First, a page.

35. 35. Risk factors<br />31<br />Alcoholism: Accounts for 10 – 40 % of incidence of AVN. Risk of development of AVN is increased with cumulative doses of alcohol<br />Drug induced: the association between corticosteroid therapy,cushings syndrome, and Osteonecrosis is well established<br />
  36. 36. Risk factors<br />32<br />Collagen diseases rheumatoid arthritis,SLE have been associated with AVN<br />Radiation causes obliterative endarteritis and cellular death.<br />Gout sodium urate crystals enhance clotting by activating haegmen factor in intrinsic coagulation system<br />
  37. 37. Pathogenesis.<br />33<br />Other than traumatic causes, the mechanism of necrosis is still “obscure”.<br />Coaugulation defect.<br />Genetic predisposition.<br />Emboli formation.<br />“ IDIOPATHIC ”<br />
  38. 38. Pathogenesis<br />34<br />The bony compartment function essentially as closed compartment within which one element can expand only at expense of others<br />A unifying concept of pathogenesis of AVN emphasizes the central role of vascular occlusion and ischaemia leading to osteocyte necrosis<br />
  39. 39. 35<br />Pathogenesis of steroid or alcohol induced AVN is not well understood ,but it is suggested that embolic fat and attendant thrombi occlude microcirculation.<br />Lipocyte hypertrophy and subchondral lipid accumulation may cause extra vascular intraosseus compression. <br />
  40. 40. 36<br />It matters little whether the initiating factor was capillary occlusion (as in sickle cell disease) venous occlusion (as suggested for perthes disease) or intramedullary tamponade in Gauchers disease, the end result is diffuse ischaemia involving all the elements <br />
  41. 41. Biological sequence of repair<br />37<br />
  42. 42. Biological sequence of repair<br />38<br /> loss of cell viability (cell necrosis)<br />Invasion of marrow spaces of dead bone by proliferating capillaries and cells<br />Differentiation of mesenchymal cells to osteoblast synthesis of new bone.<br />Early remodelling of repaired cancellous bone <br />
  43. 43. Biological sequence of repair<br />39<br />Late internal remodeling<br />Resorption of subchondral bone and invasion of articular cartilage<br />
  44. 44. Biological sequence of repair<br />40<br />To conclude this reparative process is self limiting and incompletely replaces dead bone with living bone.<br /> In subchondral bone ,bone formation occurs at slower rate than does resorption resulting in net removal of bone,<br /> loss of structural integerity, subchondral fractures and collapse<br />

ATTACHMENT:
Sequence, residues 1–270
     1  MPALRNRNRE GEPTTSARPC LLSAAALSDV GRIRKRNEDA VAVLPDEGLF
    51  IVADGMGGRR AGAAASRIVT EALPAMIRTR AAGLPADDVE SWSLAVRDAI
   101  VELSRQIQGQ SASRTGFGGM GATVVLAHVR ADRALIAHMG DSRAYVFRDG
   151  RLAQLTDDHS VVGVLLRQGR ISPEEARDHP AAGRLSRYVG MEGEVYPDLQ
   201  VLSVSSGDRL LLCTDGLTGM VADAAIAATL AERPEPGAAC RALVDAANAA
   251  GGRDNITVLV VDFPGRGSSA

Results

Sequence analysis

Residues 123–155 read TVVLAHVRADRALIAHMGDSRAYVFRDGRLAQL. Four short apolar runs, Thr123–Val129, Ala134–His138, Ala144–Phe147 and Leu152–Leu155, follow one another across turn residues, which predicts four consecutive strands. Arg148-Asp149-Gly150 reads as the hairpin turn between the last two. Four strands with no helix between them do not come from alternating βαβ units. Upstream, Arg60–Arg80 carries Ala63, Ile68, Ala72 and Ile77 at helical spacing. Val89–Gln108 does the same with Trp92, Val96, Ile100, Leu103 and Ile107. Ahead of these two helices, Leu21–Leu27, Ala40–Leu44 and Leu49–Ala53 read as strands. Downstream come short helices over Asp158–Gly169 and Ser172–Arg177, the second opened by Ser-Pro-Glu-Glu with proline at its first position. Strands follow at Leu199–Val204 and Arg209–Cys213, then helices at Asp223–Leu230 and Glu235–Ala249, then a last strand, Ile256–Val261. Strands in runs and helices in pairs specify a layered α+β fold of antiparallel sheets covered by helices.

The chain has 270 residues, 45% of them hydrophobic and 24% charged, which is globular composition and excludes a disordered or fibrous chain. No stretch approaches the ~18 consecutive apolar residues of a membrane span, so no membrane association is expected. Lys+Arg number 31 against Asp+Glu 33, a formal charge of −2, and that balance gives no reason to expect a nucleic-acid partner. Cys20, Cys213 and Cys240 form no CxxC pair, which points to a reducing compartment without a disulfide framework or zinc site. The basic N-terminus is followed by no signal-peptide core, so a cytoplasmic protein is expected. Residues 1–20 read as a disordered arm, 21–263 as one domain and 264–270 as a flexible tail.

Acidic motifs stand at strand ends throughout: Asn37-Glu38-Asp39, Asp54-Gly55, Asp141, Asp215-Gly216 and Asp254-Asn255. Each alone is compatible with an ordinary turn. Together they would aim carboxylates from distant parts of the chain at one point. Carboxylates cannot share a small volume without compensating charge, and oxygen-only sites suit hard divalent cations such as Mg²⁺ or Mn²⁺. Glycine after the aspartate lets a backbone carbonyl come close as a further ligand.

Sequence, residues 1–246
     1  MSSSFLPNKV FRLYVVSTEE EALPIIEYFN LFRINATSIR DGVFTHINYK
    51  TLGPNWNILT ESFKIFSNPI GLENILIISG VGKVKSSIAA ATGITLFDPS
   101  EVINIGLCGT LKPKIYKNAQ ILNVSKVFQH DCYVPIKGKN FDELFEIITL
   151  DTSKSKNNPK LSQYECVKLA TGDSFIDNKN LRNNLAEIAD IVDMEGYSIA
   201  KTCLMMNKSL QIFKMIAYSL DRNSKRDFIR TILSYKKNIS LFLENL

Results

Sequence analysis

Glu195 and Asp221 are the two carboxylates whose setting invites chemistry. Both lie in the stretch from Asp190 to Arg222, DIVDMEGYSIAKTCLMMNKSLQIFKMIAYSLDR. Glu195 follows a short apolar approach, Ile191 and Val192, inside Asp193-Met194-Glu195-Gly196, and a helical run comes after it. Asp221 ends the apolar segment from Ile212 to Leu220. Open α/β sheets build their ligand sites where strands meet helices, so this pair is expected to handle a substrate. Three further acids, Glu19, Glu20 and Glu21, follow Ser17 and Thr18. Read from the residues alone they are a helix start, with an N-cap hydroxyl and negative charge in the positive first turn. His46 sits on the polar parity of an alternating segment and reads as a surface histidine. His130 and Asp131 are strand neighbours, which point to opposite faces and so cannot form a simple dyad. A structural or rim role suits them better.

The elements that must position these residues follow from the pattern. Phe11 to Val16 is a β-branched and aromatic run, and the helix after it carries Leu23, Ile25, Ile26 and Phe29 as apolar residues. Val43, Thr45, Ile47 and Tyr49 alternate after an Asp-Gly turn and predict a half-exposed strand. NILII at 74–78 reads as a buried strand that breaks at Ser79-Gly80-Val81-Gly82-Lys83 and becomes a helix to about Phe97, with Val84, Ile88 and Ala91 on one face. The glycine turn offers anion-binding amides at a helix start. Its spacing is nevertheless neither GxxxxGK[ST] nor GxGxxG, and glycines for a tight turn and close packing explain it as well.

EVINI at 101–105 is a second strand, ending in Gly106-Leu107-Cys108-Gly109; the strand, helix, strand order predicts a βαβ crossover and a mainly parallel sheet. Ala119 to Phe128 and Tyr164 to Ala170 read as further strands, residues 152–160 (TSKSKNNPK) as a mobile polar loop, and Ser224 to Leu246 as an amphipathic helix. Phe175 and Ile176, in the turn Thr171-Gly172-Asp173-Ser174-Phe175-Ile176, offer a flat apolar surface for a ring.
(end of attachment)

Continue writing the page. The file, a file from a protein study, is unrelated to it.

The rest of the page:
45. 45. Clinical features.<br />Pain.<br /> - Dull boring .<br /> - Progressive.<br /> - Worse at night<br /> -Limp while walking.<br /> - Restricted hip <br /> motion.<br /> - Unable to sit cross <br /> legged.<br />41<br />
  46. 46. symptoms<br />42<br />Clinical manifestation of bone ischaemia and infarction are minimal and non specific and depend on etiology.<br />
  47. 47. symptoms<br />43<br />Initially vague and non specific.<br />Localized or referred pain in buttocks,thighor knee<br />Gradual increase in intensity of pain and decreased motion especially rotation and abduction<br />Over several years results in limping gait<br />
  48. 48. symptoms<br />44<br />Initial pain is commonly misinterpreted as radiating pain from lumbar spine.<br />
  49. 49. Diagnosis<br />45<br />Asymptomatic during the early stages.<br />Become symptomatic when significant collapse of the head has occurred.<br />
  50. 50. Management protocol<br />46<br />Early diagnosis<br />Radiological evaluation<br />Rule out other causes<br />MRI<br />Quantification<br />Treatment algorithm<br />
  51. 51. Diagnosis<br />47<br />Imaging <br />Routine radiographs<br />Scintigraphy<br />CT scan.<br />MRI.<br />LASER Doppler flometry.<br />
  52. 52. Early Diagnosis – suspicion ?<br />48<br />High degree of suspicion in a patient C/o anterior HIP pain, Especially with:-<br /> H/o Cortisone – Skin, Eye, Liver, Asthma,<br /> RA, Weight gain<br /> H/o Alcohol abuse<br /> Traumatic - # N/F, D/ of F, # Acetabulum<br />Hemoglobinopathy – Sickle / Myelo-infiltrating <br />
  53. 53. Other causes<br />49<br />Pregnancy<br />Renal Diseases<br />Radiation<br />Gout / Collagen disorder<br />Gaucher’disease<br />Dysbarism <br />Idiopathic<br />
  54. 54. Imaging<br />50<br />Routine radiographs are usually first step in trying to make diagnosis.<br />High quality films taken at least two views 90 degree apart are critical to initial evaluation<br />
  55. 55. Radiology- sequential Changes<br />51<br />Crescent Sign<br />Osteoporosis<br />Sclerosis<br />Cystic changes<br />Loss of spherical bearing dome<br /> Partial collapse of head<br />Secondary Osteoarthritis<br />
  56. 56. Xrays.<br />52<br /><ul><li>Xray changes are “stage dependent”</li></ul>Early stages : normal film.<br />Subsequently there occurs increased “ DENSITY “ of the femoral head.<br />Crescent sign.<br />Femoral head collapse.<br />Osteoarthritis of the hip.<br />B/l involvement of femoral head with cystic changes/sclerosis seen<br />
  57. 57. X RAY changes<br />53<br />Sclerosis /subchondral cysts<br />
  58. 58. X RAY changes<br />54<br />Crescent changes <br />Flattening of head of femur<br />
  59. 59. Bilateral Cystic changes<br /> With patchy sclerosis<br />55<br />
  60. 60. Scintigraphy <br />56<br />Radionuclide scintigraphy is more sensitive for osteonecrosis than standard radiographs and will reveal changes when standardd radiographs are normal<br />